Looong pause before credits, tiny font moving glacially up screen — all this is to convince us of the solemnity and import of this movie, and as such it should be redundant if the film is genuinely important. Still, at least it’s an unusual approach to establishing importance. The film has its own odd, distinctive way of moving — very slowly, it is true, but it’s an over-simplification to say they’re just drawing everything out. The rhythms of the action, and the choices of what to show and what to elide, are distinctive and interesting. The movie is slightly more interested in Christ’s moral philosophy than his theology or his politics (Ray’s KING OF KINGS is more interested in opposing him to Barrabas in a pacifist/activist dichotomy). Which is good, because questions about Christ’s divinity, as explored by Scorsese, interest me only in the abstract, since I regard Jesus as a man who maybe had some historical existence, at best. (I’d like to see a movie where Christ is a man impersonating the Messiah in order to do good — but it seems unlikely anybody’s going to make that.)

Ethics and morality (never sure of the difference) is where Christ scores, for me. Gore Vidal points out that the whole “Do unto others” thing was said by Confucius first, but even so, Jesus did well to come up with the same admirable idea, unless God was looking over Kongzi’s shoulder, copying down what he said. The stuff about God (pronounced “Gaadd” if you’re in a biblical epic) doesn’t impress me because I consider God a good bit more fictional than Jesus, but Christ’s pronouncements on how we should behave still strike me as largely sound, leaving out the invisible superbeing stuff. Or keep Him in, if you must — theism or atheism seems to be determined by the set-up of your brain, although the choice of belief is clearly programmed by upbringing (it’s hilarious, all those Christians, Muslims, Jews, thanking the Lord they were lucky enough to be born into the One True Faith: absurd at a glance).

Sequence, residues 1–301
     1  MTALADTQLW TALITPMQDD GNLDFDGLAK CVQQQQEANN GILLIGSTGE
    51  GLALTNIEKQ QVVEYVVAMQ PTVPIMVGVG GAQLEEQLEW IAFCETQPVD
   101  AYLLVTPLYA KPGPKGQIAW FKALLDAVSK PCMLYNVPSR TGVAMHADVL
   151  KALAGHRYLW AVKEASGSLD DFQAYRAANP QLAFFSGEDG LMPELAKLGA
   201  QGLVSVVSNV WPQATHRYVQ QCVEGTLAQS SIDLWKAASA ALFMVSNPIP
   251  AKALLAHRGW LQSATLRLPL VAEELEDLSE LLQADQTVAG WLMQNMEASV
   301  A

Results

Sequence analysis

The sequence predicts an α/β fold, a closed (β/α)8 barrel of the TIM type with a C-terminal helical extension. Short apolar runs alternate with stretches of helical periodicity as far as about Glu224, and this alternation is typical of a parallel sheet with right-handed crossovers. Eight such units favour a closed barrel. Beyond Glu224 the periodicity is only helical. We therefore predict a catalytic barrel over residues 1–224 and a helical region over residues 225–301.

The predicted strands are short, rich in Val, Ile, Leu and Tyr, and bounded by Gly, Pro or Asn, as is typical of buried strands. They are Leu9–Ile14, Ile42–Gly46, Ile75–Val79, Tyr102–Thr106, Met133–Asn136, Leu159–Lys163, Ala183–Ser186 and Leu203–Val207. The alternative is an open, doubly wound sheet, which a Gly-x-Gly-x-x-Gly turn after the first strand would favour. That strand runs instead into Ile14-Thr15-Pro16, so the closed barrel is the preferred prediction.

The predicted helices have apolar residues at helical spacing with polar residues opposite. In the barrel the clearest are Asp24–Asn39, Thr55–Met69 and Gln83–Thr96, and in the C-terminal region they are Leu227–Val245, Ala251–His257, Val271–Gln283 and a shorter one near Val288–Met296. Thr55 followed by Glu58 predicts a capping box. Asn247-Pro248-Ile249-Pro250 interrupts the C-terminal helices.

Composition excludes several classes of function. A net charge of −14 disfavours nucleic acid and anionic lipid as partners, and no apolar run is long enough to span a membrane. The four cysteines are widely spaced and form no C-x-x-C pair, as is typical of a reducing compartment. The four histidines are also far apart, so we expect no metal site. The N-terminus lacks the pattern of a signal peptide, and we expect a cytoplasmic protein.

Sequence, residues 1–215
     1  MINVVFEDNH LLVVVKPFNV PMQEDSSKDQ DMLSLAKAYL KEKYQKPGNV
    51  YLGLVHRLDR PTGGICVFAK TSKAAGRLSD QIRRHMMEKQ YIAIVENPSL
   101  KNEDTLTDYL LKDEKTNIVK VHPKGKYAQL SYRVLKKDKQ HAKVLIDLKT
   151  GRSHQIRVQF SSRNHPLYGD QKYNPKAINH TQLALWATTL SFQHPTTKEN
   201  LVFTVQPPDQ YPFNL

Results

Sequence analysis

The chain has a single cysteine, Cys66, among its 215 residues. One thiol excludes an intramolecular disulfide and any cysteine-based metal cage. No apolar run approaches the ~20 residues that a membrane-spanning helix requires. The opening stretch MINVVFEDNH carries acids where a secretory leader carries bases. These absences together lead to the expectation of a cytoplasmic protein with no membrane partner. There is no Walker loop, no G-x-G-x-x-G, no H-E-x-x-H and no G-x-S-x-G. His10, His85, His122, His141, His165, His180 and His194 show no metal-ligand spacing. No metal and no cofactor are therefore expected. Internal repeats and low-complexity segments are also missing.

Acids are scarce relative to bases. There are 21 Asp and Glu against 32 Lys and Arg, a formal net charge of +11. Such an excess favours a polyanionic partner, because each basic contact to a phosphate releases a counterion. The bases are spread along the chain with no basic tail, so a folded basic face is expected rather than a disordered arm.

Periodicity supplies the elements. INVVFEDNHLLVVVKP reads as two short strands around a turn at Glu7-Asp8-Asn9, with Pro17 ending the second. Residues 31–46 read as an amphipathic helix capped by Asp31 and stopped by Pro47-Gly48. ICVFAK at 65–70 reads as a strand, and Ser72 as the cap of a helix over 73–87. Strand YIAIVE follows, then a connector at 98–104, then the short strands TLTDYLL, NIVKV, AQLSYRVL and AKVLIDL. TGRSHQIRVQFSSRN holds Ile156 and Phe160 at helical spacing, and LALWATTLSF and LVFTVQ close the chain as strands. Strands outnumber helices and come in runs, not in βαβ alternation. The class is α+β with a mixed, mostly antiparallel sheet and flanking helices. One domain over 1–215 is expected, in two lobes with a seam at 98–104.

vlcsnap-2013-03-30-10h20m14s106

At first, I thought the Utah locations were going to make the movie play like a John Ford western, or Stevens’ own GUNGA DIN. But thanks to Chuckles here, PLANET OF THE APES is prefigured WAY more often.

As delivery mechanisms for Christ’s teachings, Ray’s KOK and Stevens’ TGSET both do OK, surprisingly — there are moments where dramatic performance and visuals actually help the meaning of long-familiar prayers and parables to emerge. Both movies have enough turgidity, however, to make using them in Church perhaps inadvisable — they might work as aversion therapy on a questioning child. But I’m in favour of questions.

KOK reminded me of DUNE, you may recall, but TGSET does so to such a degree that I’m sure Lynch was influenced by it. Those little snatches of internal monologue, the cutaways to weird observers,  the reverse clouds of billowing smoke imploding around Christ at the end, the opening starscape, and many more touches, suggest that Lynch saw this and was on some level impressed (he would have been a teenager when it opened). I’ve written before about how odd things seems to catch Lynch’s magpie eye and get reconfigured in his movies.

vlcsnap-2013-03-30-10h23m16s140

TGSET is so thronging with guest stars than proving overlap with Lynch’s work becomes too easy, and arguably meaningless, but I’d just like to mention that apart from the obvious Jose Ferrer and Max Von Sydow (in similar roles), we also have Roberts Loggia and Blake from LOST HIGHWAY. Although I know, because Lynch told me, that he cast Blake on the strength of his Johnny Carson appearances, and Loggia tried out for the part of Frank Booth in BLUE VELVET, Lynch inadvertently kept him waiting, and Loggia “became so angry it – just – wasn’t – funny,” which Lynch recalled when casting around for a belligerent gangster on the later film.

As with Lynch’s ponderous yet attractively peculiar religio-sci-fi flopperoo, the Stevens saga plunges us into an unfamiliar world and confuses us with explanations — all the expository dialogue just makes us more disoriented, but the settings are so striking and the weirder characters so much fun…

Right after those pompous credits, ignoring the faintly ludicrous icon on Max Von Christ, the mix from star-scape to lamp flame and the moving light softly picking out the animals in the stable.This strikes me as gorgeous, atmospheric, goose-pimply stuff. WHO IS THAT doing the voice-over? He’s awfully good at it.

vlcsnap-2013-03-30-10h14m03s241

Running out of time so I’ll need to talk about Stevens’ idiosyncratic use of the tableau approach another time. It’s the key to the film’s best and worst aspects…

Background Artistry

Posted in FILM, literature with tags , , , , , , , , , , on March 7, 2012 by dcairns

“Keep going, Reggie, it’s filling up.”

“I’m going as fast as I can.”

“Not good enough.”

With Paul W.S. Anderson’s MUSKETEERS atrocity coming out already forgotten, a few newspaper critics have muttered about the good old 1973 THE THREE MUSKETEERS directed by Richard Lester. This is gratifying attention for a film (and its sequels) too rarely mentioned, but doesn’t go into what makes it special. The implication seems to be that Lester’s movies delivered the required action, romance and spectacle in a sensible manner, without all the steampunk tomfoolery of the newfangled & crapfangled version befouling our 21st century megaplexes.